Elephant seals are the champions of diving, logging marathon dives of up to 1,500 meters (5,000 feet) for up to two hours, although they typically dive 300-600 meters (up to 2,000 feet) for 20 minutes at a time, with 2-3 minute rests between each dive. Weddell seals tend to be shallower divers, only going to 600 meters for up to an hour. The water depths in the Amundsen sea near Thwaites Glacier range from less than 300 meters at the continent to 1,600 meters in the deepest glacial melt water channels, which scientists suspect may funnel CDW right to the base of the ice shelf. This makes the seals perfect natural explorers of the Antarctic shelf.
The day we visited an island among Schaefer group, Lars and his team were just finishing tagging a Weddell seal. After checking over the male Elephant seal, they determined that the big male was still molting and moved on to the other Weddell. After pulling on her fur, Lars deemed her a good candidate.
Seals are large and potentially dangerous animals, so they need to be sedated. This is where Lars’ skill and experience are important for the safety of the humans and the seals. From there, tagging is pretty straightforward. Using epoxy, they put a small amount on the bottom of the tag to make a sticky template on the seal’s head. More is applied to the template and then smoothed around like cake icing. The tag is held in place until the epoxy is set. The final step is to apply a bead around the edges, much like we do when we put caulk around our bath tubs. This keeps water from getting under the tag when they dive, which would lift it off the seal’s head.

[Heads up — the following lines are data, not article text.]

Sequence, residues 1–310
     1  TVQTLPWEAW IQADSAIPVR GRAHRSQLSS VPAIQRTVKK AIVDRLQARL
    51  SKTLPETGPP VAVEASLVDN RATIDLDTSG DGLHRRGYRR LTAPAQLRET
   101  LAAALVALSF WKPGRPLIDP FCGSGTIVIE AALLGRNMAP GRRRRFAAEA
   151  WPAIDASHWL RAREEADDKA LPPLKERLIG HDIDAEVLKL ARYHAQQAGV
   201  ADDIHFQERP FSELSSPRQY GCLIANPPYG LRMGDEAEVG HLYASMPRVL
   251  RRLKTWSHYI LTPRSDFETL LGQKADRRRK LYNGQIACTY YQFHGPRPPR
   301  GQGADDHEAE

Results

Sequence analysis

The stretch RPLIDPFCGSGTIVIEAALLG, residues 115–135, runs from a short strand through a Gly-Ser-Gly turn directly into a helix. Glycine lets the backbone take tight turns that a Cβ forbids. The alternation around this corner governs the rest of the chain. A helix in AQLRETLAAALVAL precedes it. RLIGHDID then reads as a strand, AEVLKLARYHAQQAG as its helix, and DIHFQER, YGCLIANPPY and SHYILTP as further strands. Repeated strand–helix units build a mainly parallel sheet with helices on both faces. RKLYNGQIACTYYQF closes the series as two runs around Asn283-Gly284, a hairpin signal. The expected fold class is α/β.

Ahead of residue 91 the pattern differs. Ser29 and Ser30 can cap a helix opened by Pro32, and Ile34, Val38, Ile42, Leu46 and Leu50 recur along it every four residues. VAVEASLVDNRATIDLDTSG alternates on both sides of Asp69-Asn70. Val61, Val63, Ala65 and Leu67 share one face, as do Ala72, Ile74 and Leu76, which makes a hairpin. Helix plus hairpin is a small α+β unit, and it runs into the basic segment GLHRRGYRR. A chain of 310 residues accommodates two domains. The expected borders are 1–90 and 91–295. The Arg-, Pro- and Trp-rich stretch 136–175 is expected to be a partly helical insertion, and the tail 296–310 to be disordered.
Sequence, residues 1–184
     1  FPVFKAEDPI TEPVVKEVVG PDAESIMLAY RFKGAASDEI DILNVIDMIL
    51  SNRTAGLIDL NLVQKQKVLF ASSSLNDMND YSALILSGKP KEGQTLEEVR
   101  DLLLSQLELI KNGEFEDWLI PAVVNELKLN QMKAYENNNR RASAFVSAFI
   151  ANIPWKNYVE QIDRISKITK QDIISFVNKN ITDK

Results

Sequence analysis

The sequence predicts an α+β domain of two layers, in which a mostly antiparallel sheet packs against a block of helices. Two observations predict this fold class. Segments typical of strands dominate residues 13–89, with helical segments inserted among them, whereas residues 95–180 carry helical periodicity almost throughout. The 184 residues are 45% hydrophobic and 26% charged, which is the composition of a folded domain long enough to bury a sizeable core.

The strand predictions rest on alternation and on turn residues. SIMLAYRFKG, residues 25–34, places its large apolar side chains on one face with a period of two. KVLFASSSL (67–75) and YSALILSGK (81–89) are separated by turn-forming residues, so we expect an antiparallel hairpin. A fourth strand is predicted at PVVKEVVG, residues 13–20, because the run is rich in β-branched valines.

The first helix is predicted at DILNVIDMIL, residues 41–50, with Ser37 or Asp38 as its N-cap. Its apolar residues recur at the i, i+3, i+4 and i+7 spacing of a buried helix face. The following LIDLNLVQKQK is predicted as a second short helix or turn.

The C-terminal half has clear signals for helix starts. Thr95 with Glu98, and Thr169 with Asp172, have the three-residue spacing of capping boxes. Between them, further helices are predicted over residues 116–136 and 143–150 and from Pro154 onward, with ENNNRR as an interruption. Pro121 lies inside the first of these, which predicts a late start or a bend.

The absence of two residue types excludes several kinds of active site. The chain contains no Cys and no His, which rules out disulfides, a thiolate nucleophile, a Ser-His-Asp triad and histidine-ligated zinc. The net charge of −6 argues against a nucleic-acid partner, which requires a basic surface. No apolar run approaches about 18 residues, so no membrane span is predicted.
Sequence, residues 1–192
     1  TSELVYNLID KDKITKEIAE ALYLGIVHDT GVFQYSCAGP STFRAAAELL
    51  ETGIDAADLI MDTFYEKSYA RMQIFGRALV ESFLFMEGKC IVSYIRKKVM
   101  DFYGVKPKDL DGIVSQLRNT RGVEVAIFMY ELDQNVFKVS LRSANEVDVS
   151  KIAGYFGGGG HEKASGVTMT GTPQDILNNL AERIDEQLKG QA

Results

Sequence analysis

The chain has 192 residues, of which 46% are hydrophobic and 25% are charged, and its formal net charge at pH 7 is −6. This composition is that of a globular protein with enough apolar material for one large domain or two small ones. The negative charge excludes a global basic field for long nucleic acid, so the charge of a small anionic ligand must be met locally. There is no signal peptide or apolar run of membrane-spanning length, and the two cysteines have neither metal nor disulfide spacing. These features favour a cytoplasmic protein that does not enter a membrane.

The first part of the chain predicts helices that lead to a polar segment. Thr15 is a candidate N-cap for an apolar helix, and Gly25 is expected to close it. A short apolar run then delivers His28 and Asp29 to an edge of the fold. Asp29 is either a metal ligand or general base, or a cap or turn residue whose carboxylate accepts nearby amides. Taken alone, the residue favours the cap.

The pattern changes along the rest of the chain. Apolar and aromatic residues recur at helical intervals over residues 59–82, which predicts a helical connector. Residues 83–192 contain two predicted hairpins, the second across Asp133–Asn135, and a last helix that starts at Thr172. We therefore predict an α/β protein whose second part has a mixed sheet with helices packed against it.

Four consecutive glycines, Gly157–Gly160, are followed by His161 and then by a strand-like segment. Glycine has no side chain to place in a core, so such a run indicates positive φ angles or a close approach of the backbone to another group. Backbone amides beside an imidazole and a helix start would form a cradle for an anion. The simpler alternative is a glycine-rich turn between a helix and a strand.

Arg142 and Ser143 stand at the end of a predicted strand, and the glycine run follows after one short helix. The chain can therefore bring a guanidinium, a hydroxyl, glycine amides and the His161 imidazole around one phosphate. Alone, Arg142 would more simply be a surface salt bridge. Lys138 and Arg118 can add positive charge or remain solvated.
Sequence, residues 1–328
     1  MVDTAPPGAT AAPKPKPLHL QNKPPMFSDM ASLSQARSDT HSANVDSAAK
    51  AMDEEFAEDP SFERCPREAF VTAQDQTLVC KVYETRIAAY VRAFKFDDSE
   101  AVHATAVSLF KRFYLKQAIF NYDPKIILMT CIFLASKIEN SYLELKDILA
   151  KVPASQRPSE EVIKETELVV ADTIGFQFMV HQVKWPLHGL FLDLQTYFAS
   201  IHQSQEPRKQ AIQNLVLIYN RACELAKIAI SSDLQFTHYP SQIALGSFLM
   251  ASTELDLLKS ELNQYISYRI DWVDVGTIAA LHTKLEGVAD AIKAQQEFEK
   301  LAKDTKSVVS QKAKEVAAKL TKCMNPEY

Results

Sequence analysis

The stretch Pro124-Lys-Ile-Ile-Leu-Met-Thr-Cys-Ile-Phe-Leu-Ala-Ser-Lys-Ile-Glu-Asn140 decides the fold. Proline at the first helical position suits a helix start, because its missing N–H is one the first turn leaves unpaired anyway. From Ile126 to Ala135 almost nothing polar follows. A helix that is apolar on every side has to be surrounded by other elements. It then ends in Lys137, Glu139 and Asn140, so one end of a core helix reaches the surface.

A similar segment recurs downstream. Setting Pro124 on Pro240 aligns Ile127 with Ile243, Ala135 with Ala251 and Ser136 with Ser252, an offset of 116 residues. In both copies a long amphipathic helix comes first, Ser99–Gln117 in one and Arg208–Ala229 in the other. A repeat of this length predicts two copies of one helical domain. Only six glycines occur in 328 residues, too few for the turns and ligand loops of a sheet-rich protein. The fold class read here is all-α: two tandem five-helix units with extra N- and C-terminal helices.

At the end, Lars sits with the seal, putting himself between it and the water to ensure that the seal recovers fully before allowing her to return to the sea. Suddenly, as we are watching Lars quietly and reverently watch over his sleepy charge, the first seal swims by. Lars then says excitedly “Quick! Take pictures of the seal in the water!” In all his years of work, he has always focused on the animals and had apparently not taken any pictures of a tagged seal swimming.
The second Weddell seal was the fourth seal tagged since the start of the cruise. To date, the four seals have made 1,537 dives and collected 105 CDT profiles. Each time a seal surfaces, the data that they have acquired is transmitted via satellite to Lars and his team. They can even get a rough approximation of the location of the seal if more than one satellite picks up the signal. This is already more than we have collected from the ship, and the seals’ measurements are likely to far outnumber any additional ship-based measurements we can achieve by the end of the cruise.
The hope is that these partners for science, who live in the Amundsen Sea, will dive around and below the sea ice at Thwaites where we can’t go, bearing witness over the next year to the temperature and salinity of the CDW, reporting the data they collect to help us determine the path and extent of this warm water below the glacier.